Corporate Reform: Better than No Reform at All

September 8th, 2009

This is one from the archives.


With the debate swirling around health care reform, I took a few weeks to do some more research on the  American health care system and the reforms that have been proposed a little more.

The way I see it, the Republican attack machine has done it’s job to make sure that whatever reforms are passed will be watered down to the point where nothing will be done to harm the corporations. Reform may still pass, but it will be totally on the terms that the corporate insurance companies, big Pharma etc., deem acceptable.

Here’s my take on the whole thing.

The Current System

Just to give you a little intro, I’ve compiled some stats on the state of health care in the United States so that we can all understand what we are dealing with.

There is one category among which the United States leads with regards to health care and that is the amount that we spend. All surveys agree that the United States spends more than any other country in the world on health care. The United States spends $2.1 trillion dollars a year on health care. That is about 30% more based on population and wealth than the average industrialized country. American families now spend about 1 in 4 dollars on health care.  

Well what do we get for these high costs? I have heard more than one conservative pundit say that we get the “best health care system in the world.” Sorry, not even close. It’s difficult to measure what country has the “best” system because it all depends on what variables you put in, but the most cited study is the World Health Organization which ranks us 37th (!).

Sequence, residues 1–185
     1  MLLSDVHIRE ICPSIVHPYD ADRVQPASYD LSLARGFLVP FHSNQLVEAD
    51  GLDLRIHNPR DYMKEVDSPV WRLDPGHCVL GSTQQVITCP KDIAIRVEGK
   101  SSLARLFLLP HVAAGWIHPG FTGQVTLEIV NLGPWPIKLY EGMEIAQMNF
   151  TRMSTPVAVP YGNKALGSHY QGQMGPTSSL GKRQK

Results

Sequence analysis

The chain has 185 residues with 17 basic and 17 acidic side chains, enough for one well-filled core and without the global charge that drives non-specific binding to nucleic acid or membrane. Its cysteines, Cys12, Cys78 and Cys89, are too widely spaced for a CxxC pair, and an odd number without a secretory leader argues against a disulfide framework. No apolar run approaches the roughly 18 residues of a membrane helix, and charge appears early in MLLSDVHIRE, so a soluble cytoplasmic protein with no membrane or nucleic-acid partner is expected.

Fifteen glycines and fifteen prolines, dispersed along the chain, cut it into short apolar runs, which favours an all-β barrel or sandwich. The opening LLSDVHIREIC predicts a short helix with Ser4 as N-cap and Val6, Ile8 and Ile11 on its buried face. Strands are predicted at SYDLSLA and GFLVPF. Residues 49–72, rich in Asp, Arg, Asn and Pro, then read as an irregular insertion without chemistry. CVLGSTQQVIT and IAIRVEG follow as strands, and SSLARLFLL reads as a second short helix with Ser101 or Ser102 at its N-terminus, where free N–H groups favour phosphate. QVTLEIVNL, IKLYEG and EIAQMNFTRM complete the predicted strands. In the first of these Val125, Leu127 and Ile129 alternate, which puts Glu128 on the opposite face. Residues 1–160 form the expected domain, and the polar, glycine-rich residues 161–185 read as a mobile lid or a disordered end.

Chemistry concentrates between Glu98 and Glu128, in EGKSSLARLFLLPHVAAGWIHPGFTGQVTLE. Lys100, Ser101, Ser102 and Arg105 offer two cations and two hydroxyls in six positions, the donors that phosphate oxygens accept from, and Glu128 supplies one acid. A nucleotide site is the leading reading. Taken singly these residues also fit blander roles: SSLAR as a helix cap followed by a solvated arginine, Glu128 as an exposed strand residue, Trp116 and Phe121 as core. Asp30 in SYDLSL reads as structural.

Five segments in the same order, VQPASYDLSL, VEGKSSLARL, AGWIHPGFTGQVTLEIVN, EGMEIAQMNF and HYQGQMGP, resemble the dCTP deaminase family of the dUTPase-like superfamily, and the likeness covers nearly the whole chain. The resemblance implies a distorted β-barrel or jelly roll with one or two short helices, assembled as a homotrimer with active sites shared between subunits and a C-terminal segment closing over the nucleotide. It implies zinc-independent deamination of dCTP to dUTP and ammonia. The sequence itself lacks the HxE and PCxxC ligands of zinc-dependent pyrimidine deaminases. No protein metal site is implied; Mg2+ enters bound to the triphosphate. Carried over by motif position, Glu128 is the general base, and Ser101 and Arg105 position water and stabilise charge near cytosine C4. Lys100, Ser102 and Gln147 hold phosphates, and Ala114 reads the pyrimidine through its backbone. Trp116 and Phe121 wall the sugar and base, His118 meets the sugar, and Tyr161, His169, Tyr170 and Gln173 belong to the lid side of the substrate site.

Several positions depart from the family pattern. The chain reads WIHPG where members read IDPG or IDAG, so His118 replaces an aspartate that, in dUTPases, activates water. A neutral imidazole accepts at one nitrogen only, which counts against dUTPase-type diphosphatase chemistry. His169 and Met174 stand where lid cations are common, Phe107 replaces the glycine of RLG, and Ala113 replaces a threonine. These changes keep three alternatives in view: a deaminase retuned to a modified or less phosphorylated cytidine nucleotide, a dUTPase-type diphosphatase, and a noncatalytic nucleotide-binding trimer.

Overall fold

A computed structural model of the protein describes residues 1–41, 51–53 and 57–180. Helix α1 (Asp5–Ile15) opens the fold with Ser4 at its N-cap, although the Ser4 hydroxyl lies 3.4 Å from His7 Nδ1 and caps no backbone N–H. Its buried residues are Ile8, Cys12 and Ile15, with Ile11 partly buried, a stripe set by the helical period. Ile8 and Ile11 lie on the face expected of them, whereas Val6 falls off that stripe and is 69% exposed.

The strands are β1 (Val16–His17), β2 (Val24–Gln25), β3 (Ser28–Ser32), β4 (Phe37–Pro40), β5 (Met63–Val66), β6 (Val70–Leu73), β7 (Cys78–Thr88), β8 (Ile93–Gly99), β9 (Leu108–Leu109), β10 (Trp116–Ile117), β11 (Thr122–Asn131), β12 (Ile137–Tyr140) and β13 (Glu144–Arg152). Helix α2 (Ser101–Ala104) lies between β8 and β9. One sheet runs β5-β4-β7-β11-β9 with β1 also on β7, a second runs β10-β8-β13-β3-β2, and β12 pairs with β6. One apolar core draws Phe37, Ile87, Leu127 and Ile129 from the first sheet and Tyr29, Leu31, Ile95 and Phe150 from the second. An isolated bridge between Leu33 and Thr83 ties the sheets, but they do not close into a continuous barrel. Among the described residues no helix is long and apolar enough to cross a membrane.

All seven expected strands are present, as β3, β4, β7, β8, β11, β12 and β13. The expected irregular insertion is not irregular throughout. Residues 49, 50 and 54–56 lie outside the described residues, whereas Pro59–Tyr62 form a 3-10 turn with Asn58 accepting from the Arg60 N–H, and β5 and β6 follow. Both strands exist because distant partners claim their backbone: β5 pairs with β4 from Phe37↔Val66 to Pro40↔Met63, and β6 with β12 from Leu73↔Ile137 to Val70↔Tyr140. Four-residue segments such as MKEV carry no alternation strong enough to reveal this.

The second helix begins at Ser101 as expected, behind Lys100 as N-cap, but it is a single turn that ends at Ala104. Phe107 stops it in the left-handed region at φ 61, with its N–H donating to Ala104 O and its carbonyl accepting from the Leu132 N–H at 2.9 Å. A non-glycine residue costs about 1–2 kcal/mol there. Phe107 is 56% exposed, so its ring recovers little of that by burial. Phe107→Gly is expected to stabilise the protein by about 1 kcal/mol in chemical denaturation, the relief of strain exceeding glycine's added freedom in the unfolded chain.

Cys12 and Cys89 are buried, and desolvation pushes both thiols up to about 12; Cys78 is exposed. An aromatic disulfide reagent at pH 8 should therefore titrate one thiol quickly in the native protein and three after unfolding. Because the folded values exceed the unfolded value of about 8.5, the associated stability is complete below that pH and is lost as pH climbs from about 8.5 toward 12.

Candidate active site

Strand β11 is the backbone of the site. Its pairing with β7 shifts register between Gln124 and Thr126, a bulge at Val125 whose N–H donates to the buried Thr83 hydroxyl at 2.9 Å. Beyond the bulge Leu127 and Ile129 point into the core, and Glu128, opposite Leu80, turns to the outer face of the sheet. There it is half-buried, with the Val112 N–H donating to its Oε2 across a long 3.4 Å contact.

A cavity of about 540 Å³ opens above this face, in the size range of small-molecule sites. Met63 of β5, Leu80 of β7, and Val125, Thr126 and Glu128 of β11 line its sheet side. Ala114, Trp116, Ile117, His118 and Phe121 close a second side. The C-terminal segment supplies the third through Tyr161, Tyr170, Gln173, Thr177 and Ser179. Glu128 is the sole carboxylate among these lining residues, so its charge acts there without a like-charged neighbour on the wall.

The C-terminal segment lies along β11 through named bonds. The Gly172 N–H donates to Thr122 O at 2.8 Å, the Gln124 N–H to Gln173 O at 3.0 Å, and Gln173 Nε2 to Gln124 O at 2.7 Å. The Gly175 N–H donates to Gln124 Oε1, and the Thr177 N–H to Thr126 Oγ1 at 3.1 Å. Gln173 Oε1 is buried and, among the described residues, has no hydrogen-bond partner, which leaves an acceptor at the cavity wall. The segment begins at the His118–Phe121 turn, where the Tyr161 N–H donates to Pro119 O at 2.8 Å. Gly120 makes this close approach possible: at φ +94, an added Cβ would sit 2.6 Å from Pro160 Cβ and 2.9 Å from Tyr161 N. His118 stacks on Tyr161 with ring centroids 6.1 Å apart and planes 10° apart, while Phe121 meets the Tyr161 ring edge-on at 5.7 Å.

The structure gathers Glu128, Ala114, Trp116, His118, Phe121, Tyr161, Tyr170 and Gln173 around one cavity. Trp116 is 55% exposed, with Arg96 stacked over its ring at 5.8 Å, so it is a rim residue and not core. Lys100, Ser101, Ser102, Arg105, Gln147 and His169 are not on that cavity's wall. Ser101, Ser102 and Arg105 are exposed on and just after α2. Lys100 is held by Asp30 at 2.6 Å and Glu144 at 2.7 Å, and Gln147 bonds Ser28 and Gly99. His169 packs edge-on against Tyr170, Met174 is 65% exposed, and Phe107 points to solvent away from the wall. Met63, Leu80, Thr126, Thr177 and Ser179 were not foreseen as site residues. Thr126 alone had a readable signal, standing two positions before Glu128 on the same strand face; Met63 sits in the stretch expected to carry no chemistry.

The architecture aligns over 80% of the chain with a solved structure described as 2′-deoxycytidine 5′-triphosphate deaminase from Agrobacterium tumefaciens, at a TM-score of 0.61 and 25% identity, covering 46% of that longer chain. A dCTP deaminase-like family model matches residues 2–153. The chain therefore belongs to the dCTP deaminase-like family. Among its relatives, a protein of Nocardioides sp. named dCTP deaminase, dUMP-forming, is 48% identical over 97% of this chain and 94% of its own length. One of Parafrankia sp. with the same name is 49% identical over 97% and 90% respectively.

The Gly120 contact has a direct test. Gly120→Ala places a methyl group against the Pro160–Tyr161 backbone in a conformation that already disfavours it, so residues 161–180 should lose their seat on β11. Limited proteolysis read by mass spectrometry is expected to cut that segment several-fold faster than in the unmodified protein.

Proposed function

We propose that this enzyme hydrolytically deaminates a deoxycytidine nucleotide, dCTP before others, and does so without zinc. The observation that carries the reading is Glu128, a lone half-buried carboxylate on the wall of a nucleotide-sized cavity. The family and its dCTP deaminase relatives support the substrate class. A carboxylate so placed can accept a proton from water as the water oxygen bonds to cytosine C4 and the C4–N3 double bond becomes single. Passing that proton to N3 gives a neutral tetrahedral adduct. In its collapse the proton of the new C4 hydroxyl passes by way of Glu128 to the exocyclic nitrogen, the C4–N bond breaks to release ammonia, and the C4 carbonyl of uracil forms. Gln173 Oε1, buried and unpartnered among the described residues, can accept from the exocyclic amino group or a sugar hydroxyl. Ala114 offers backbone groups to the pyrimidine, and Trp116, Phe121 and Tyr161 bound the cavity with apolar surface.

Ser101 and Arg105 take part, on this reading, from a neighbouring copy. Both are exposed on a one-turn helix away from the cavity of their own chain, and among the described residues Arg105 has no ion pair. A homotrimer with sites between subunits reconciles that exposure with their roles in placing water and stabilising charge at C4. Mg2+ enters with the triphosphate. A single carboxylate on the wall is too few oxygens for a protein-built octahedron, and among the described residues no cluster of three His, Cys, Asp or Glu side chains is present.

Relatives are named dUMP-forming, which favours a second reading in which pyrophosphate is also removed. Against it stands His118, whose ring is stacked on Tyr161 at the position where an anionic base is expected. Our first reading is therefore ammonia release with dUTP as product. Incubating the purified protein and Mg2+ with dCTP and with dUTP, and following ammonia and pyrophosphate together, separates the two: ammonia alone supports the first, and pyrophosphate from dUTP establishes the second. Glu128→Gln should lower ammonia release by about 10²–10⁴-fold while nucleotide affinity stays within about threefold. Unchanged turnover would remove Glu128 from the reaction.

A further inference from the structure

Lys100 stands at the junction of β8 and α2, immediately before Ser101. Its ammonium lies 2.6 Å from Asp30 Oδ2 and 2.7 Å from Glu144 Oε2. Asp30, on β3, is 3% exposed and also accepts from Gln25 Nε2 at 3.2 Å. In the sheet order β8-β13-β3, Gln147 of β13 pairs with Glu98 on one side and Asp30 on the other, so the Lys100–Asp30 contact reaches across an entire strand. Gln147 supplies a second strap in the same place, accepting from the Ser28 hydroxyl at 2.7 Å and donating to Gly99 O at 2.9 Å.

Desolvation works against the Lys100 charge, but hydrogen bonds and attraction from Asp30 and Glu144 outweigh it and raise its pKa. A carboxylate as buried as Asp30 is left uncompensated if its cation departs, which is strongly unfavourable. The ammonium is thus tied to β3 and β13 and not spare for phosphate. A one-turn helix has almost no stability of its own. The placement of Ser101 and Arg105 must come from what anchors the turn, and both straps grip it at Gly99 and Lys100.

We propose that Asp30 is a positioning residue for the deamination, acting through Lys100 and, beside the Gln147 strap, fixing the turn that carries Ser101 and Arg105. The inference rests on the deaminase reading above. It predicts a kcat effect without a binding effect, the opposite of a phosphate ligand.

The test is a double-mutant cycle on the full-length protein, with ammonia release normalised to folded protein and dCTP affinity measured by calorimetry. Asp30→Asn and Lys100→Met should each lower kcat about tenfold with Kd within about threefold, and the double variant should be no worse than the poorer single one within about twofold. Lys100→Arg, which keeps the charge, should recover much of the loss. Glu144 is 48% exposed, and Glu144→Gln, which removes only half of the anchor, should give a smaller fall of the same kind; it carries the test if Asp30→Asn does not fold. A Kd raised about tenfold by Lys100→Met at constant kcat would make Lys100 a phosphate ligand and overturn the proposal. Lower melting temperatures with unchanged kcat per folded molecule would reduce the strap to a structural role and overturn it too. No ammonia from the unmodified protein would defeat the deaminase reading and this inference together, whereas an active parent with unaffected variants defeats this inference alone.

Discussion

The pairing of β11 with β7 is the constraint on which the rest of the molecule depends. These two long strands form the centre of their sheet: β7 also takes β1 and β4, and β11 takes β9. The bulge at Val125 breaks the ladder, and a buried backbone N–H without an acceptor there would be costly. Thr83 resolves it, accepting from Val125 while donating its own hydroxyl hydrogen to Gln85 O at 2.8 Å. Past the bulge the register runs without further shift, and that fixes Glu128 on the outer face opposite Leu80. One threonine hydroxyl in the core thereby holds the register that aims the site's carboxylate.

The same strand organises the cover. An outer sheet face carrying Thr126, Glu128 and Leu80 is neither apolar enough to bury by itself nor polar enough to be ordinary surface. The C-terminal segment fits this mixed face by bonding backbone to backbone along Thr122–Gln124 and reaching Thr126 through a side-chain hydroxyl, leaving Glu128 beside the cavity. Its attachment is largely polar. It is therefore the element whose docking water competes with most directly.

Somehow, ”We’re Number 37!” just doesn’t have the same ring as ”We’re number one!” 

Now I don’t want to put too much stock in this rating system. It obviously has some flaws, but even on the rankings that are just related to outcomes, almost all advanced countries have better national health statistics than the United States does.

In addition to high costs and poor performance, consider the following:

  • Over the last decade, employer-sponsored health insurance premiums have increased 119 percent. 
  • That number is four times the rate of inflation and wage increases during that same period 
  • The Congressional Budget Office has estimated that job-based health insurance could increase 100 percent over the next decade
  • Approximately 1.5 million families lose their homes to foreclosure every year due to unaffordable medical costs
  • 62 percent of all bankruptcies filed in 2007 were linked to medical expenses. Amazingly, of those who filed for bankruptcy, nearly 80 percent had health insurance.

Think about that last one for a sec. Those 80% of people who had health insurance thought they were insured…until they actually got sick…and now they’re bankrupt.

  • Finally,  despite the huge amount we spend on health care approximately 10-15% of Americans are still uninsured.

Of course, the cost of health care in the United States has a huge effect on federal budgets as well. As with private insurance, Medicare and Medicaid’s costs have been increasing faster than the economy. CBO projects that at the current rate, Medicare and Medicaid costs will grow from 5% of GDP today to 10% by 2035. Entitlements as a whole will be growing because of the retirement of the Baby Boomers, but CBO estimates that 80% of the increase in those programs will be due to the increased costs for Medicare and Medicaid.